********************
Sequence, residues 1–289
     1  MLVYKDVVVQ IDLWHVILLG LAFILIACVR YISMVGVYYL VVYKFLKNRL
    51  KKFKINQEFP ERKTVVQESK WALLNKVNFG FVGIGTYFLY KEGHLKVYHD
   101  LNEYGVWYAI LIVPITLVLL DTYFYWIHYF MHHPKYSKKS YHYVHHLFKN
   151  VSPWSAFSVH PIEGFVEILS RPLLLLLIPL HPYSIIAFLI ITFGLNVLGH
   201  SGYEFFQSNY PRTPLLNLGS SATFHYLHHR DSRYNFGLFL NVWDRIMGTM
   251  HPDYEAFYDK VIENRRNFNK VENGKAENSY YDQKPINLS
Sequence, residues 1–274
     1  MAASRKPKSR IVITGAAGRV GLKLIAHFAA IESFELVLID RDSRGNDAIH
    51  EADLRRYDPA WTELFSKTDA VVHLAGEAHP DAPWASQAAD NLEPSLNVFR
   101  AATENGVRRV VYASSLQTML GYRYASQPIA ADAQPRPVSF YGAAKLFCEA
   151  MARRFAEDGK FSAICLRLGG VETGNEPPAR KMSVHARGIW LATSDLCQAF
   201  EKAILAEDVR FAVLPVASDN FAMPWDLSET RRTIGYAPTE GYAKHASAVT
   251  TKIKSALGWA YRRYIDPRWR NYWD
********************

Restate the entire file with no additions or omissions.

Sequence, residues 1–289
     1  MLVYKDVVVQ IDLWHVILLG LAFILIACVR YISMVGVYYL VVYKFLKNRL
    51  KKFKINQEFP ERKTVVQESK WALLNKVNFG FVGIGTYFLY KEGHLKVYHD
   101  LNEYGVWYAI LIVPITLVLL DTYFYWIHYF MHHPKYSKKS YHYVHHLFKN
   151  VSPWSAFSVH PIEGFVEILS RPLLLLLIPL HPYSIIAFLI ITFGLNVLGH
   201  SGYEFFQSNY PRTPLLNLGS SATFHYLHHR DSRYNFGLFL NVWDRIMGTM
   251  HPDYEAFYDK VIENRRNFNK VENGKAENSY YDQKPINLS
Sequence, residues 1–274
     1  MAASRKPKSR IVITGAAGRV GLKLIAHFAA IESFELVLID RDSRGNDAIH
    51  EADLRRYDPA WTELFSKTDA VVHLAGEAHP DAPWASQAAD NLEPSLNVFR
   101  AATENGVRRV VYASSLQTML GYRYASQPIA ADAQPRPVSF YGAAKLFCEA
   151  MARRFAEDGK FSAICLRLGG VETGNEPPAR KMSVHARGIW LATSDLCQAF
   201  EKAILAEDVR FAVLPVASDN FAMPWDLSET RRTIGYAPTE GYAKHASAVT
   251  TKIKSALGWA YRRYIDPRWR NYWD